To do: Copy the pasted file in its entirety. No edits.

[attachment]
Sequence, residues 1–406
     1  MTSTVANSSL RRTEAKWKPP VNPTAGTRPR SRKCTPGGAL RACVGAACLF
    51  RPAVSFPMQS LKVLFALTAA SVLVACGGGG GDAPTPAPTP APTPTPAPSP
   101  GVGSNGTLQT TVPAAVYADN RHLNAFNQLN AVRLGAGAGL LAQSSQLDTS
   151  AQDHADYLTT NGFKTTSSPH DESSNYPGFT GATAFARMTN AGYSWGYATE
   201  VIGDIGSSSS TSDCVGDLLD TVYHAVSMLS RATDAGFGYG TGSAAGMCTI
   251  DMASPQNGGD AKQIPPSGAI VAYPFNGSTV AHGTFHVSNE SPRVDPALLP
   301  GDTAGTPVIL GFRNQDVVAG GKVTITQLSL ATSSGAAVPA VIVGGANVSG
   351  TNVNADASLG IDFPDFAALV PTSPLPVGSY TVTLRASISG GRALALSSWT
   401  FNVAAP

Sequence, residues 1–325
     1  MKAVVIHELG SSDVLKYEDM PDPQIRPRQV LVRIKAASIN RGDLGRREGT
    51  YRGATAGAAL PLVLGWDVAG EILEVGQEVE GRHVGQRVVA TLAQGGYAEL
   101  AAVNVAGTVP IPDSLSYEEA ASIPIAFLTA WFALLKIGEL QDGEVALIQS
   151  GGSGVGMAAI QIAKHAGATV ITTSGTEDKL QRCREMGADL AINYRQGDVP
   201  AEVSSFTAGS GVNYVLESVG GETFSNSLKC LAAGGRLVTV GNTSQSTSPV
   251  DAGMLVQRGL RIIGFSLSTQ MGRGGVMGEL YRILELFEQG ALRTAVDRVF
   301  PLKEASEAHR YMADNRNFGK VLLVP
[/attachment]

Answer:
Sequence, residues 1–406
     1  MTSTVANSSL RRTEAKWKPP VNPTAGTRPR SRKCTPGGAL RACVGAACLF
    51  RPAVSFPMQS LKVLFALTAA SVLVACGGGG GDAPTPAPTP APTPTPAPSP
   101  GVGSNGTLQT TVPAAVYADN RHLNAFNQLN AVRLGAGAGL LAQSSQLDTS
   151  AQDHADYLTT NGFKTTSSPH DESSNYPGFT GATAFARMTN AGYSWGYATE
   201  VIGDIGSSSS TSDCVGDLLD TVYHAVSMLS RATDAGFGYG TGSAAGMCTI
   251  DMASPQNGGD AKQIPPSGAI VAYPFNGSTV AHGTFHVSNE SPRVDPALLP
   301  GDTAGTPVIL GFRNQDVVAG GKVTITQLSL ATSSGAAVPA VIVGGANVSG
   351  TNVNADASLG IDFPDFAALV PTSPLPVGSY TVTLRASISG GRALALSSWT
   401  FNVAAP

Sequence, residues 1–325
     1  MKAVVIHELG SSDVLKYEDM PDPQIRPRQV LVRIKAASIN RGDLGRREGT
    51  YRGATAGAAL PLVLGWDVAG EILEVGQEVE GRHVGQRVVA TLAQGGYAEL
   101  AAVNVAGTVP IPDSLSYEEA ASIPIAFLTA WFALLKIGEL QDGEVALIQS
   151  GGSGVGMAAI QIAKHAGATV ITTSGTEDKL QRCREMGADL AINYRQGDVP
   201  AEVSSFTAGS GVNYVLESVG GETFSNSLKC LAAGGRLVTV GNTSQSTSPV
   251  DAGMLVQRGL RIIGFSLSTQ MGRGGVMGEL YRILELFEQG ALRTAVDRVF
   301  PLKEASEAHR YMADNRNFGK VLLVP